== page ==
We labelled each picture by drawing the bounding boxes of each object found: this operation was performed by exploiting the Labelbox web application (, accessed on 21 November 2022), i.e., a platform aimed to perform data annotation tasks.
In this way, the proposed model will be able to detect the area of the water meter related to the cubic meters, the area of the water meter related to the consumed litres and the position and the value of each single digit related to the cubic meters.
The next step is the image augmentation, i.e., is a set of techniques that expand the available dataset without actually collecting new elements: data augmentation applies controlled random changes to existing images, creating modified copies. It is used for automatic learning in artificial neural networks, which “learn” increasingly precisely as the available training dataset increases.
In particular, we apply data augmentation to generate dial meter images with controlled random changes, such as rotations, flips, cuts and trims [20]. The idea behind the data augmentation application in this case is to make the model suitable for performing effective reconnaissance regardless of the position in the image where the meter is present. Moreover, augmented data are used to solve the problem of overfitting of the statistical model to the observed data sample, which occurs when the model has too many parameters compared to the number of observations performed. Structured to recognize recurring patterns starting from the proposed data, the artificial neural network “learns” what it sees; however, it cannot find a generalized rule, and thus it easily mistakes patterns that are not yet viewed.
Once we have obtained the (augmented) dial meter images and the related details about the classes and the bounding boxes, we need a deep-learning model.

The YOLO Model

In this paper, we resort to the “you only look once” (i.e., YOLO) model.
The YOLO [21] was proposed by J. Redmon et al. in 2016: it represents the first one-stage deep-learning detector. YOLO is an object-detection model, it is aimed to classify images and to detect their correct positioning within them.
The greatest difference from other networks is that YOLO considers a pipeline to perform the whole process in a completely independent way: the whole process of YOLO is: an image is taken as input, and we finally obtain two objects, a bounding box vector associated with each cell and the prediction of the class made for the object. Each image under analysis is divided into a matrix of SxS cells, where one cell is responsible for the object if it falls in the centre of the cell itself. The bounding box prediction has five components: (x, y, w, h and confidence). The coordinates (x and y) represent the centre of the bounding box with respect to the position of the cell of the grill. These coordinates are normalized to be between 0 and 1. The dimensions of the box (w and h) are also normalized to [0, 1], relative to the dimension image. In total, there are S × S × B * 5 outputs related to the predictions of the bounding boxes [22].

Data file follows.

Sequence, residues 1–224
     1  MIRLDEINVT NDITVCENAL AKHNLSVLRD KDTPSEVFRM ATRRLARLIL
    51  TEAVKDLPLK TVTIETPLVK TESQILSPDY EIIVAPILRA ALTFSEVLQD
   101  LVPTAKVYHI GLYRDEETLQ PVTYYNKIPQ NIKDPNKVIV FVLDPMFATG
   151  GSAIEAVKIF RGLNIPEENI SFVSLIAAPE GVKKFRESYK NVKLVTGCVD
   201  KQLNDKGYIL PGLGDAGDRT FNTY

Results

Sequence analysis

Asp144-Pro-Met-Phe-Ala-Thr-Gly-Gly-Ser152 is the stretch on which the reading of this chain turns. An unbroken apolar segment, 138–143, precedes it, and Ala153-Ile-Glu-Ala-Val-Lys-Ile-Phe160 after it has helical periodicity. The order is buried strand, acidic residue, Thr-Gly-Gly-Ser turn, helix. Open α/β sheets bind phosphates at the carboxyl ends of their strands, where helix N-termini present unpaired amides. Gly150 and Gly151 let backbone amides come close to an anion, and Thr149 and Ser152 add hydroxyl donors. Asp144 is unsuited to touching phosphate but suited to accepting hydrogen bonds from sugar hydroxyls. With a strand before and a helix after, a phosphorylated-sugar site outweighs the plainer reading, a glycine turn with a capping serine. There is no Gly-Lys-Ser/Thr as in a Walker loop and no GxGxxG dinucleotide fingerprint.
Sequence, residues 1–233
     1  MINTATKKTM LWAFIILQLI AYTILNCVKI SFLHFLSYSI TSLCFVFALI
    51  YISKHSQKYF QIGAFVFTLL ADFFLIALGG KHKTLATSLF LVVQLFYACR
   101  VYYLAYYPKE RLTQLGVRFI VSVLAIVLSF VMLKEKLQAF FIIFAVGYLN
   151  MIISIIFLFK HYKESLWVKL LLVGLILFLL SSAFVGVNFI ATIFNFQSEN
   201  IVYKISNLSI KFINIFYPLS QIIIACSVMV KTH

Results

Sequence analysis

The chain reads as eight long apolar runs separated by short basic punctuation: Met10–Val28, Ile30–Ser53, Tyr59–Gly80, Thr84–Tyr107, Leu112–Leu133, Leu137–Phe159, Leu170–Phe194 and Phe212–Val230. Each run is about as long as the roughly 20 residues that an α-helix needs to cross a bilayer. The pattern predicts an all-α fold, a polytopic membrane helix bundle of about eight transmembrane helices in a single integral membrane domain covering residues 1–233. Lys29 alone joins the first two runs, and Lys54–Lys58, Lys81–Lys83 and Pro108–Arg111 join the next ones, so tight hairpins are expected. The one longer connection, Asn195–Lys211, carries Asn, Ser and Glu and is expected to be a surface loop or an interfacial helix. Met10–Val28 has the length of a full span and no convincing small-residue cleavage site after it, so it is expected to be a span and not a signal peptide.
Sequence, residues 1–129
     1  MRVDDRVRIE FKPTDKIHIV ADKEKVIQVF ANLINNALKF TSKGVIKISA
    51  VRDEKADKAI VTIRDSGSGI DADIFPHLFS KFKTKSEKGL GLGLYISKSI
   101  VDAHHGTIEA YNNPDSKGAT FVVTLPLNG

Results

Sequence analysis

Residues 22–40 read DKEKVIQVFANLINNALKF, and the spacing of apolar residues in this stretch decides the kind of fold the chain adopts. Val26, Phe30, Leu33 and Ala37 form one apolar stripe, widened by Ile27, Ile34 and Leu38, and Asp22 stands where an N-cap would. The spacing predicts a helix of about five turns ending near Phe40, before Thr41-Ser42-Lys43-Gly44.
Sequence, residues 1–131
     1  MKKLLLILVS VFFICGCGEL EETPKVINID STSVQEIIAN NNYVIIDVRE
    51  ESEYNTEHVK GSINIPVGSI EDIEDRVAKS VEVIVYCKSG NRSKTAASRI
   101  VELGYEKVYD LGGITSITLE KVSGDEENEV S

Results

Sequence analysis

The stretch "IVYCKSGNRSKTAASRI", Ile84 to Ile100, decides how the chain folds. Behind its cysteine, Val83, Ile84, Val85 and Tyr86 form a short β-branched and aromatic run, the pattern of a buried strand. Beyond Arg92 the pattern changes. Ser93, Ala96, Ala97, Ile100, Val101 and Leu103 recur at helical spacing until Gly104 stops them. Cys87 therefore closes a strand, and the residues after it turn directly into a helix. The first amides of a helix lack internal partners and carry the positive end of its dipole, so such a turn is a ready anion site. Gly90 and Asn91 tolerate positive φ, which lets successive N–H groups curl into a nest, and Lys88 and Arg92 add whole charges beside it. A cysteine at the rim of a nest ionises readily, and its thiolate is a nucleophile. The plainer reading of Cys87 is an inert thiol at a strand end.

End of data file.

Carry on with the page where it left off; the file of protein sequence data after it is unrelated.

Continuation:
Compared to pre-existing object-detection models, YOLO is significantly faster, as demonstrated in [23,24]. This is mainly possible due to the fact that YOLO does not divide the recognition into several phases but predicts the bounding boxes, probability and classes of objects present in the input image in a single phase.
The reason why we resort to this model considering that we are aware that YOLO makes more localization errors [25], is that, compared to other object-detection deep-learning models, YOLO is less likely to recognize false-positives in the background of the image and is significantly faster [22,26]: this is the reason why YOLO is considered one of the best convolutional neural network models for object detection. There are several versions of the YOLO model. In this paper, we implement the model with a PyTorch (, accessed on 21 November 2022) version of YOLOv5s (, accessed on 21 November 2022).
The architecture of YOLOv5s is shown in Listing 1.
Listing 1. The architecture of the YOLOv5s model for object detection.
# YOLOv5 backbone
  # [from, number, module, args]
  [[−1, 1, Focus, [64, 3]],
   [−1, 1, Conv, [128, 3, 2]],
   [−1, 3, BottleneckCSP, [128]],
   [−1, 1, Conv, [256, 3, 2]],
   [−1, 9, BottleneckCSP, [256]],
   [−1, 1, Conv, [512, 3, 2]],
   [−1, 9, BottleneckCSP, [512]],
   [−1, 1, Conv, [1024, 3, 2]],
   [−1, 1, SPP, [1024, [5, 9, 13]]],
   [−1, 3, BottleneckCSP, [1024, False]],
# YOLOv5 head
  [[−1, 1, Conv, [512, 1, 1]],
   [−1, 1, nn.Upsample, [None, 2, ’nearest’]],
   [[−1, 6], 1, Concat, [1]],
   [−1, 3, BottleneckCSP, [512, False]],
   [−1, 1, Conv, [256, 1, 1]],
   [−1, 1, nn.Upsample, [None, 2, ’nearest’]],
   [[−1, 4], 1, Concat, [1]],
   [−1, 3, BottleneckCSP, [256, False]],
   [−1, 1, Conv, [256, 3, 2]],
   [[−1, 14], 1, Concat, [1]],
   [−1, 3, BottleneckCSP, [512, False]],
   [−1, 1, Conv, [512, 3, 2]],
   [[−1, 10], 1, Concat, [1]],
   [−1, 3, BottleneckCSP, [1024, False]],
   [[17, 20, 23], 1, Detect, [nc, anchors]],
As shown in Figure 1, the YOLO network consists of a backbone (whose layers are shown in Listing 1), i.e., a convolutional neural network that aggregates and forms image features at different granularities, and a head (whose layers are also shown in Listing 1), aimed to consume features from the neck and take box and class prediction steps. Between the backbone and the head, there is the neck, i.e., a series of layers to mix and combine image features to pass them forward to prediction.
Once the YOLO model is trained, it will be able to perform the following operations on unseen dial meter images:
  • water meter cubic localization;
  • water litre localization;
  • digit detection in the water meter;
  • digit classification.

4. Experimental Analysis

In this section, we present the results of the experimental analysis aimed to show the effectiveness of the proposed YOLO model for water dial meter reading.

4.1. The Dataset

A dataset composed of 1000 annotated RGB pictures of water meters is considered.